ASKSAGE: Sage Q&A Forum - RSS feedhttps://ask.sagemath.org/questions/Q&A Forum for SageenCopyright Sage, 2010. Some rights reserved under creative commons license.Sat, 17 Apr 2021 13:10:47 +0200Cannot evaluate symbolic expression to a numerical valuehttps://ask.sagemath.org/question/56672/cannot-evaluate-symbolic-expression-to-a-numerical-value/ I'm trying to do this:
```
(sqrt(10*y*(10-y))+sqrt(1000)*acos(sqrt(y/10))-15*sqrt(2*6.673*10^(-11)*50000000000)).roots( ring=RealField(100))
```
Unfortunately I get the error in the title.
Also any other way of solving the above equation numerically would be appreciated. I was able to do it in maxima using `find_root` but was hoping for a better function (one that doesn't require specifying an interval). I couldn't use find_root in sage because it returns the error 'unable to simplify to float approximation' and ofcourse `solve` doesn't return explicit solutions.Fri, 16 Apr 2021 17:06:47 +0200https://ask.sagemath.org/question/56672/cannot-evaluate-symbolic-expression-to-a-numerical-value/Answer by rburing for <p>I'm trying to do this:
<code>
(sqrt(10*y*(10-y))+sqrt(1000)*acos(sqrt(y/10))-15*sqrt(2*6.673*10^(-11)*50000000000)).roots( ring=RealField(100))
</code>
Unfortunately I get the error in the title.
Also any other way of solving the above equation numerically would be appreciated. I was able to do it in maxima using <code>find_root</code> but was hoping for a better function (one that doesn't require specifying an interval). I couldn't use find_root in sage because it returns the error 'unable to simplify to float approximation' and ofcourse <code>solve</code> doesn't return explicit solutions.</p>
https://ask.sagemath.org/question/56672/cannot-evaluate-symbolic-expression-to-a-numerical-value/?answer=56674#post-id-56674From the [documentation of `roots`](https://doc.sagemath.org/html/en/reference/calculus/sage/symbolic/expression.html):
> Return roots of `self` that can be found exactly, possibly with multiplicities. Not all roots are guaranteed to be found.
> **Warning:**
This is *not* a numerical solver
and
> `ring` - a ring (default None): if not None, convert self to a polynomial over ring and find roots over ring
The latter explains why you get the error in the title: the expression is not a polynomial, so the conversion fails.
The expression itself is only defined as a real number if `y` is between 0 and 10 (due to the $\sqrt{y(10-y)}$), so:
sage: var('y')
sage: f = sqrt(10*y*(10-y))+sqrt(1000)*acos(sqrt(y/10))-15*sqrt(2*6.673*10^(-11)*50000000000)
sage: f.find_root(0,10)
5.5672155196677675
sage: find_root(f,0,10)
5.5672155196677675
By plotting `f` you see that it's the only root.
In general there is no magic method to find an interval where a root may live. It is however always a good idea to check the domain of definition first.Fri, 16 Apr 2021 19:16:59 +0200https://ask.sagemath.org/question/56672/cannot-evaluate-symbolic-expression-to-a-numerical-value/?answer=56674#post-id-56674Comment by Emmanuel Charpentier for <p>From the <a href="https://doc.sagemath.org/html/en/reference/calculus/sage/symbolic/expression.html">documentation of <code>roots</code></a>:</p>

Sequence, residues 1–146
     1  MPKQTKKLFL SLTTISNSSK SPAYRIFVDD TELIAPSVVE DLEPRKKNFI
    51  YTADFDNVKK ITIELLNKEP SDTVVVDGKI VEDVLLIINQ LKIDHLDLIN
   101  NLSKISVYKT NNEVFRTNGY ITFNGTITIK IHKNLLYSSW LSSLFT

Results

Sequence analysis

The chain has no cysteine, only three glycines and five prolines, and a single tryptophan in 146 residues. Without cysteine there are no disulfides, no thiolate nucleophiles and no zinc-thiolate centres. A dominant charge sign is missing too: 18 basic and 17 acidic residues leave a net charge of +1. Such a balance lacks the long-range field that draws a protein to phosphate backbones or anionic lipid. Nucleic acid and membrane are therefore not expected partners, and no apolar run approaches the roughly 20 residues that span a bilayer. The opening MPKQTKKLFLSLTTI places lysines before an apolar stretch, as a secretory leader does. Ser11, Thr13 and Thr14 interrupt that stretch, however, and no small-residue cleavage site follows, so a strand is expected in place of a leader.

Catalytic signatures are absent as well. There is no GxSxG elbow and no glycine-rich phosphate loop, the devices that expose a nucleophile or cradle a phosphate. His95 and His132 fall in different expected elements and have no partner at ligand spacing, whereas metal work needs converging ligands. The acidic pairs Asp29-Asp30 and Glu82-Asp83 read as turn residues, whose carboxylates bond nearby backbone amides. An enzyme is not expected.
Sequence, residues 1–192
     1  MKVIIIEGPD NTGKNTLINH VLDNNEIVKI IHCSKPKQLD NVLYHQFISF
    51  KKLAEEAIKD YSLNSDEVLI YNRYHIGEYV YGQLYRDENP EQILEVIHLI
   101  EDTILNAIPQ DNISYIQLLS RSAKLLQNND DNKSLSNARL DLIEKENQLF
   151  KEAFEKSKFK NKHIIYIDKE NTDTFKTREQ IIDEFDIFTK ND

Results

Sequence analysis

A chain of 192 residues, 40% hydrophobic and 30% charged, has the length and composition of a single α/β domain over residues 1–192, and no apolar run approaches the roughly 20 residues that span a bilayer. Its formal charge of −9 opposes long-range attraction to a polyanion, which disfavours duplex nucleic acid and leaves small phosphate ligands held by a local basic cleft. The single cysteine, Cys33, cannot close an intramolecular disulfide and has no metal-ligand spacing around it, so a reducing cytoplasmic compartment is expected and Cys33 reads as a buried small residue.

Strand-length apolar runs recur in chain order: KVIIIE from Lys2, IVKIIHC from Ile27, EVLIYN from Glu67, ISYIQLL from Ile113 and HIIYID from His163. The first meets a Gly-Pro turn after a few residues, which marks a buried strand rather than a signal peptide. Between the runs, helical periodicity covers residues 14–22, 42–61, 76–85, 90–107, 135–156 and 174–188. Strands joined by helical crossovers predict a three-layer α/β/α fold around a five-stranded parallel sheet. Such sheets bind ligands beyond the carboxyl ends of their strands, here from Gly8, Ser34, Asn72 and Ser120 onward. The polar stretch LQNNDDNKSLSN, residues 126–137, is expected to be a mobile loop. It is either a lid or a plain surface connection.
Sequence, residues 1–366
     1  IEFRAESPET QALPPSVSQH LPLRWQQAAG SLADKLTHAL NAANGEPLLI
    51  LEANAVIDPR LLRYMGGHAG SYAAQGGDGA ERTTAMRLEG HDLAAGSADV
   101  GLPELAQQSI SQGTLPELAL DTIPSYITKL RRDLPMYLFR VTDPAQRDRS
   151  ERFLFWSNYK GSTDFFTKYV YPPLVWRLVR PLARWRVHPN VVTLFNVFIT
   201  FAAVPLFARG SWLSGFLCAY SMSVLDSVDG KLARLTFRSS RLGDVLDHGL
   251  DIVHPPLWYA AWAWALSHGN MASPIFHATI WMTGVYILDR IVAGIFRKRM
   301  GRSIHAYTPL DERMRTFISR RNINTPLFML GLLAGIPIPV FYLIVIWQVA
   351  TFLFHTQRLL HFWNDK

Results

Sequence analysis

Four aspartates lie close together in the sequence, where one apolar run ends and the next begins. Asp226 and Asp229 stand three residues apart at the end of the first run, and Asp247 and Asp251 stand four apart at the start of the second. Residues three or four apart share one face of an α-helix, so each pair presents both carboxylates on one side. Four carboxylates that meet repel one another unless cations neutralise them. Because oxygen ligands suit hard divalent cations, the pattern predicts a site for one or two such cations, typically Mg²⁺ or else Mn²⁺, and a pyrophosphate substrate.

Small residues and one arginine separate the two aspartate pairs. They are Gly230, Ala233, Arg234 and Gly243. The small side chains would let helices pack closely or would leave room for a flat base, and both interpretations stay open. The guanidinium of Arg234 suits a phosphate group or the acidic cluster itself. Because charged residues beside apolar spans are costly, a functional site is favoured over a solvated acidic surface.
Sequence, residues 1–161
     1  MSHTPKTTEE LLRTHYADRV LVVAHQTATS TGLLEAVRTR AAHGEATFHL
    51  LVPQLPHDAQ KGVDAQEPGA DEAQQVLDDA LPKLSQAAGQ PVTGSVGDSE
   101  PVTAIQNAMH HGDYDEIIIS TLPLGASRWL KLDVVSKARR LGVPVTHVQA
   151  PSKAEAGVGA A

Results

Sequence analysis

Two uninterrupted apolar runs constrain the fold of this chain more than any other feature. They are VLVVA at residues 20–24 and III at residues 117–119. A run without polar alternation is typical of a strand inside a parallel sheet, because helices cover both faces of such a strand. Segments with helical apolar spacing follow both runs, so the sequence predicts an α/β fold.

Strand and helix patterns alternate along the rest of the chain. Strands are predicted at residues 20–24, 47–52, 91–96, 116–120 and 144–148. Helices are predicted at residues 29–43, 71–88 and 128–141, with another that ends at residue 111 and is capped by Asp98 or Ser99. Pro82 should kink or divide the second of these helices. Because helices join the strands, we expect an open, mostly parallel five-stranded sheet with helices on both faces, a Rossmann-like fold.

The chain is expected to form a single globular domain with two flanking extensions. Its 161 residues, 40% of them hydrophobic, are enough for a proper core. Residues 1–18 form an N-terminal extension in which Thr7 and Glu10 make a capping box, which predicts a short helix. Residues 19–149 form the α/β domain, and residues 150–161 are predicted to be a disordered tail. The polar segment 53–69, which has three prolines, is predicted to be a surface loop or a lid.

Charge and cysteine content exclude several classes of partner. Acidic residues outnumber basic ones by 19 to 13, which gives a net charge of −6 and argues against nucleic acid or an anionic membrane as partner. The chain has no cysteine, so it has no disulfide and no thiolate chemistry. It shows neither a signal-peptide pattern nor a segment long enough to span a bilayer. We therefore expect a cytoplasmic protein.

<blockquote>
<p>Return roots of <code>self</code> that can be found exactly, possibly with multiplicities. Not all roots are guaranteed to be found.</p>
<p><strong>Warning:</strong>
This is <em>not</em> a numerical solver</p>
</blockquote>
<p>and</p>
<blockquote>
<p><code>ring</code> - a ring (default None): if not None, convert self to a polynomial over ring and find roots over ring</p>
</blockquote>
<p>The latter explains why you get the error in the title: the expression is not a polynomial, so the conversion fails.</p>
<p>The expression itself is only defined as a real number if <code>y</code> is between 0 and 10 (due to the $\sqrt{y(10-y)}$), so:</p>
<pre><code>sage: var('y')
sage: f = sqrt(10*y*(10-y))+sqrt(1000)*acos(sqrt(y/10))-15*sqrt(2*6.673*10^(-11)*50000000000)
sage: f.find_root(0,10)
5.5672155196677675
sage: find_root(f,0,10)
5.5672155196677675
</code></pre>
<p>By plotting <code>f</code> you see that it's the only root.</p>
<p>In general there is no magic method to find an interval where a root may live. It is however always a good idea to check the domain of definition first.</p>
https://ask.sagemath.org/question/56672/cannot-evaluate-symbolic-expression-to-a-numerical-value/?comment=56687#post-id-56687A visual exploration of the complex region around 0 suggests that the real root approximated by `rburing` is the only one "close to 0" :
complex_plot(lambda u:(sqrt(10*u*(10-u))+sqrt(1000)*acos(sqrt(u/10))-15*sqrt(2*6.673*10^(-11)*50000000000)),(-10,10),(-10,10))
![image description](/upfiles/16186578127568455.png)
A 3D plot of the modulus closer to the real root suggests that this root is indeed unique :
![image description](/upfiles/1618659513319731.png)
Further *analytical* work (finding majorants/minorants of moduli) may *prove* the absence of roots outside this region and the uniqueness of the real root.
This is left to the reader as an exercise ;-)...Sat, 17 Apr 2021 13:10:47 +0200https://ask.sagemath.org/question/56672/cannot-evaluate-symbolic-expression-to-a-numerical-value/?comment=56687#post-id-56687